FIGURE 20 is an electronic logic diagram of the part of the control system involved with the selection of tools from the magazine.

As mentioned above the machine tool described herein is, in effect, a modification of that described in our US. patent application No. 656,845. Where parts of the machine tool which have already been described in the said application are mentioned herein the same reference numerals will be applied thereto. The reference numerals for added parts commence at 301.

The lathe includes, in fact, two tool mounting means 39, 47, mounted respectively on cross slides 38, 44 on saddles 35, 41 respectively. The saddles 35, 41 are movable along tbeds 33, 34 respectively.

A first tool storage magazine 48 is provided to carry tools for placement in the tool mounting means 39, 47. The magazine incorporates a rotary polygonal disc 50 upon which a plurality (in this case thirteen) of projecting tool carriers 51 are mounted.

The disc 50 and the carriers 51 thereon, together with the tool carried thereby, can be driven to and accurately located in any of thirteen equi-angularly spaced positions. For driving the disc 50 there is provided the arrangement shown in FIGURES 2 to 5. The disc 50 is supported on the end of a rotary shaft 133 carried by bearings 134. The shaft 133 is drivingly connected to a hydraulic motor 135 through the intermediary of a gear pair 136, 137 respectively having 78 and 28 teeth and respectively being mounted on the shaft 133 and on a parallel spindle 138. A gear 139 on the spindle 138 has 84 teeth and engages a gear 140 on a further parallel spindle 141. The gear 140 has 18 teeth so that one revolution of the spindle 141 causes one thirteenth of a revolution of the shaft 133. The spindle 141 is connected via further reduction gears 142, 143 to the shaft of motor 135.

The spindle 141 carries a rotary cam 144 with an adjustable screw element 145, the head of which effectively forms the lobe of the cam. This element 145 co-acts with a fixed micro-switch LS3. A dead-stop 146 is carried by a piston 147 slidable in a cylinder 148. This peg can be driven out to the projecting position shown in FIGURE 5 by pressurised oil introduced through a port 149. In this position the end of the peg 146 lies in the path of an abutment 150 on the gear 142. The end of the peg 146 is chamfered as shown in FIGURE 5, and the abutment 150 is likewise provided with a flat to be engaged by the peg 146. To keep the peg properly orientated, a dowel 151 is mounted on a cover 152 which is fitted over the end of the cylinder 148. The dowel is slidably received by a bore in the piston 147. A compression spring 153 provides the necessary force to return the peg 146 to a retracted position when it is required to permit rotation of the gear 142.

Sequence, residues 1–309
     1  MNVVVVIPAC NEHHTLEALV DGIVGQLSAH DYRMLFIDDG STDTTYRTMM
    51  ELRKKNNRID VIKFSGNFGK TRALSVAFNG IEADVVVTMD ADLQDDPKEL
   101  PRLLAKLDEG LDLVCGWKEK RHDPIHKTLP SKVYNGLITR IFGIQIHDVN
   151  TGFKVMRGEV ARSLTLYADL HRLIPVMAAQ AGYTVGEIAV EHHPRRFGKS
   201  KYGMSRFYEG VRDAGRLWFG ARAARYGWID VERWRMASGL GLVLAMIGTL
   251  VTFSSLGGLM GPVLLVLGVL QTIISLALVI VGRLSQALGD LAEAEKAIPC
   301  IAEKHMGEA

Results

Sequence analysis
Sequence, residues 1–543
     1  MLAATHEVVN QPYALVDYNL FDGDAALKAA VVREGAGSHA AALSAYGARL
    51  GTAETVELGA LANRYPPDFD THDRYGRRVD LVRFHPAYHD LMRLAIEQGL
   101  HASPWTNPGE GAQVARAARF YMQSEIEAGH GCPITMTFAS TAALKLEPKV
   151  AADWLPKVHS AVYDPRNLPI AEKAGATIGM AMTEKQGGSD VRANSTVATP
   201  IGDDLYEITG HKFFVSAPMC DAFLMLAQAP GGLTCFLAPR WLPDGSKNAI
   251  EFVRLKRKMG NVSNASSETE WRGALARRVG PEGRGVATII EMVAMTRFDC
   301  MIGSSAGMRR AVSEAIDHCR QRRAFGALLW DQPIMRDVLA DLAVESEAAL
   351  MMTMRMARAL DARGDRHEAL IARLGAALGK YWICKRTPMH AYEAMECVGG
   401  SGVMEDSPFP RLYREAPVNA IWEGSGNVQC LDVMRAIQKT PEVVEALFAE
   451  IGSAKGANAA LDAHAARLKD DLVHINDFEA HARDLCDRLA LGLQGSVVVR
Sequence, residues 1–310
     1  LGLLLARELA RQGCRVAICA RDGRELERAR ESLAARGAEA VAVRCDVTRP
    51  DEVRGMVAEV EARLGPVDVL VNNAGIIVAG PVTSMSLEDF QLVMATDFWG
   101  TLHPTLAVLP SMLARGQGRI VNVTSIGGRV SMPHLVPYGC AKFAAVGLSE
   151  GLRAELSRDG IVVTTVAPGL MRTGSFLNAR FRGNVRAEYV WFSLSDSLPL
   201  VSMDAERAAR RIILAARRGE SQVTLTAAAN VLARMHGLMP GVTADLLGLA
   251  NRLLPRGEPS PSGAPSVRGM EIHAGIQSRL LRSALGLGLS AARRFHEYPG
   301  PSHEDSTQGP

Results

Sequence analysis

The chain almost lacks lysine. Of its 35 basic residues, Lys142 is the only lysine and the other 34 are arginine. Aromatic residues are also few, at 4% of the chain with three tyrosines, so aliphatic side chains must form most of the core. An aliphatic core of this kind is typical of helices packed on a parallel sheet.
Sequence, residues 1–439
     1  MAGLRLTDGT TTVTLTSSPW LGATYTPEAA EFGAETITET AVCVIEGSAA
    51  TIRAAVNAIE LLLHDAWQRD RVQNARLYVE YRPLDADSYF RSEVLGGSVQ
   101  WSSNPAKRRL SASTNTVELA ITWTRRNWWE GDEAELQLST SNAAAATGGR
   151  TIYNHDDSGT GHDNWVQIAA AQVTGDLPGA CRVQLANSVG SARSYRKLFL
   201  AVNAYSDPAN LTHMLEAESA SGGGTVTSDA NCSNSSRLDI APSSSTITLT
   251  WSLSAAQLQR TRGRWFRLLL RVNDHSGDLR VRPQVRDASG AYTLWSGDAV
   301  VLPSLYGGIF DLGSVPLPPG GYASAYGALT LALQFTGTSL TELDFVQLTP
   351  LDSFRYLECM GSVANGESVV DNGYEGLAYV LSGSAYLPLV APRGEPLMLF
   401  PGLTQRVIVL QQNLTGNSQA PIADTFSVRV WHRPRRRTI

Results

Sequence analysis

The lathe also includes two tool transfer mechanisms 154a and 154b for transferring tools between the magazine 48 and the two tool mounting means 39, 47 respectively. These tool transfer mechanisms and the manner in which these are operated in conjunction with the magazine 48 are fully described in the said US. patent application No. 656,845. No further description will be given herein.

FIGURE 9 shows a typical tool, in this particular case a simple form of turning tool, mounted on one of the tool carriers 51. The tool 52 itself is carried at one end of a tool holder shank 53 of substantial cross-sectional dimension. This shank extends, in use, in a direction parallel to the axis of the spindle 31. At the opposite end of the shank the tool holder has an end portion 54 adapted to coact with the tool mount means and the magazine tool carriers. Such end portion includes a central spigot 55, the free end of which is of slightly tapering form. Slidably mounted on the exterior of the end portion 54- is a cowl 56 which is urged by spring 57 against stops to make an end face 56a of the cowl co-planar with the end face of the spigot 55. The spigot 55 and the cowl 56 are formed with portions 59, 60 of a dovetail groove of arcuate form.

A toothed coupling ring 61 is mounted on the end portion 54 of the tool holder, surrounding the spigot 55 and surrounded by the cowl 56. In the example shown the ring 61 has 12 teeth equi-angularly spaced about the axis of the tool holder. The ring 61 lies in a plane perpendicular to this axis. The teeth on the ring are formed by matching profiled grooves in one face of the ring. The milling cutter used for rough machining has cutting edges parallel to the cutter axis for forming the bases of the grooves and further cutting edges inclined at an included angle of say 40. The cutter is rotated in a plane radial with respect to the ring axis is fed along a path inclined at an angle of 21 12 minutes to the plane of the ring. The grooves are finished with a similarly dressed grinding Wheel to a depth such that the angular width of each groove measured in a plane slightly below the facial plane of the teeth is precisely Thus, two of the rings described can be interengaged with their teeth interdigitated by a distance equal to twice the spacing of the 15 width plane from the facial plane. The two rings will be accurately selfaligning by virtue of the inclination of the interengaged flanks of the teeth.